by Steven Doyle
When it comes to modern home chili remedies we have a few people to thank. First there were the “powder men”, a term I believe chili maven Frank X Tolbert to have coined, and then there are the butchers who first canned and made brick chili to sell to the chili loving consumer. The former dating as far back as the mid 1800’s, and the latter at the dawn of the 20th century.
Tolbert devotes a chapter of his book “Bowl of Red” to the powder men, and waffles on who he thinks brought powdered and packaged chili to mankind. He first attributes William Gebhardt of New Braunfels, but paragraphs later he names DeWitt Pendery of Fort Worth. A little digging shows that both started grinding a powder chili mix in 1890, so it is easy to understand Tolbert’s quandry. Continue reading
by Steven Doyle
Temperatures are dropping this week and many of you will be seeking out great bowl of chili. We have some to recommend. We also have the tale of the original chili cook off in Terlingua if you are interested in any more history today. This article was read last week on the main stage of The Original International Chili Cook Off held in Terlingua each year, which we are honored. That cook off is always held in Terlingua the first week of November.
In the past few weeks we have been discussing the perfect bowl of red, as we do each year about this time. It is certainly something we enjoy and take to heart as a true Texas original. However, it has been disturbing as each one of these conversations always ends with a debate on “beans or no beans”. Our stance stays true to the no beans camp. We have a few original chili recipes to prove that this is the way God intended chili to be served. Beans may join the table as a condiment, just as you might add fresh brunoise of onions, or even Fritos to make your own pie. Continue reading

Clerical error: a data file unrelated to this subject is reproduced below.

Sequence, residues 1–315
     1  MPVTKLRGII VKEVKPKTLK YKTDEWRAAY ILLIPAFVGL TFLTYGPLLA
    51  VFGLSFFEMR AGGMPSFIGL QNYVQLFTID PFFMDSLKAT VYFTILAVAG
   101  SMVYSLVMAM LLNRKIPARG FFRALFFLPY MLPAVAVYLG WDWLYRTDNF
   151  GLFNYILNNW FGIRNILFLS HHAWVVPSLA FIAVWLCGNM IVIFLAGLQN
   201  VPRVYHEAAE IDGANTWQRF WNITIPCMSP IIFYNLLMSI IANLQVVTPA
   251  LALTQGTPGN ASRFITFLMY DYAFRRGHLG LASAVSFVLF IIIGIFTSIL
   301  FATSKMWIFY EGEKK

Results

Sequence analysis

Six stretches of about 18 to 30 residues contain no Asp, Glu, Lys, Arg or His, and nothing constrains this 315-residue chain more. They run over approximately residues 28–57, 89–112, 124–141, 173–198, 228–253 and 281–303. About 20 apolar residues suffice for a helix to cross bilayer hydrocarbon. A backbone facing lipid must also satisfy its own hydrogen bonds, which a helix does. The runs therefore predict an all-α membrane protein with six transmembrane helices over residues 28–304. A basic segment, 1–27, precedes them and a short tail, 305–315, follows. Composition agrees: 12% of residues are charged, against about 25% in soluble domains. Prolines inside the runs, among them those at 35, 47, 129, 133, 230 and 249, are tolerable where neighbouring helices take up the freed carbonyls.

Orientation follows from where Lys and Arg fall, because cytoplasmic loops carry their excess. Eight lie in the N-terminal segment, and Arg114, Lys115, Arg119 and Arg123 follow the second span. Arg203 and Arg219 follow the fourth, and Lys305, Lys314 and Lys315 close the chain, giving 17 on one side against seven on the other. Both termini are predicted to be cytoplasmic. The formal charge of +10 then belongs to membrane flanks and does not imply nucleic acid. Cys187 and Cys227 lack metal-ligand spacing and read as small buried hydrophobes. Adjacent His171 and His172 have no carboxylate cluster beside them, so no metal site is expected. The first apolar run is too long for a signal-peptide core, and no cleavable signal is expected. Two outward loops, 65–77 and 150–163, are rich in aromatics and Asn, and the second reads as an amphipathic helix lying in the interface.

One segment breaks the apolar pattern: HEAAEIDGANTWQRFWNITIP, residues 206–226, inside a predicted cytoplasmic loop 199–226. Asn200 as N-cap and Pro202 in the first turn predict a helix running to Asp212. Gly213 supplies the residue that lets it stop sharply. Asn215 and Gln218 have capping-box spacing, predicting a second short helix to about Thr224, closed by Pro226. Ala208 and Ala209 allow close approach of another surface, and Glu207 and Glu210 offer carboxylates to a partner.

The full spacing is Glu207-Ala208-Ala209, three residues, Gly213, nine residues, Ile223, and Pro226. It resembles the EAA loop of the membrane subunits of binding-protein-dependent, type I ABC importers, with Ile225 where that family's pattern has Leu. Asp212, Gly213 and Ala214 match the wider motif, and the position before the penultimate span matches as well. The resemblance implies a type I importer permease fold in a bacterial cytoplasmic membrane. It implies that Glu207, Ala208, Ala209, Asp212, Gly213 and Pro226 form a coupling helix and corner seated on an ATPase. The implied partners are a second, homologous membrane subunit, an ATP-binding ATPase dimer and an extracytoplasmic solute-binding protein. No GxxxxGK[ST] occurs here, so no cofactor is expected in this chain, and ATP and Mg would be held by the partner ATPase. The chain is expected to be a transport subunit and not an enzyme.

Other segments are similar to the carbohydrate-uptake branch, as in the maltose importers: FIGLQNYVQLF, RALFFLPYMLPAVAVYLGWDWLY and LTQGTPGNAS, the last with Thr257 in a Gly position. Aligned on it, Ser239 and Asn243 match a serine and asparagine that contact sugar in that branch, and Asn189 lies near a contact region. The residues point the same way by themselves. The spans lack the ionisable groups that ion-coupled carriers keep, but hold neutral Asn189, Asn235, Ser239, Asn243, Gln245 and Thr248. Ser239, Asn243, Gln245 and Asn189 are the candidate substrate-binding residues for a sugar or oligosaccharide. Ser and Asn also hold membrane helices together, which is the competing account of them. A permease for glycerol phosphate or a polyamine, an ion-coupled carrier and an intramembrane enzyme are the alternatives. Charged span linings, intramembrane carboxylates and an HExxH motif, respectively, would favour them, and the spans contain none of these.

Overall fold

From the 1860s until the late 1930s, one of the primary amusements of both visitors and locals was the food and entertainment offered in the plazas of San Antonio by the Chili Queens.
These women served chili con carne and other Mexican American delicacies from dusk until dawn at various San Antonio plazas over the years — setting up tables and benches and bringing pots of food to cook or reheat over their flickering mesquite fires and to serve by the light of their oil lanterns. As morning came, their families helped them cart everything away. Wandering musicians and singers provided a festive air to the unique proceedings—unique, that is, outside Mexico. In Mexico, the open-air plaza restaurants were not celebrated for their charming food-servers. Only San Antonio had Chili Queens—and while they liked to joke, banter, and flirt with customers, they were well chaperoned by family members who guarded their virtue.
At first, only a few women — such as Sadie and Martha, sometimes pictured in old books about San Antonio — were called Chili Queens. Sadie was called “Anglo-Celtic;” Martha was Hispanic. Eventually, the royal title was applied to all the women—most of them young and virtually all of them Hispanic. Continue reading
by Steven Doyle
There was a time when Dallas was ripe with bowls of chili. I’m not talking the bean-ridden nonsense infiltrated by our neighbors to the north. I refer to the perfect bowl of red that has somehow escaped our dining landscape.
Back in the 1880’s the San Antonio chili queens dominated the Plaza, hawking their home-made chili that was often made with just meat, tomatoes and chiles, served with a side of beans and tortillas. The queens would offer chili to the soldiers and just about anyone that happened by as they kept the pots waed over a mesquite fire. In 1937 with a concern for public health, the chili queens were banned from the Plaza, and some of them took to brick and mortar restaurants. Consider these dames the early pioneers of the modern day food truck. Continue reading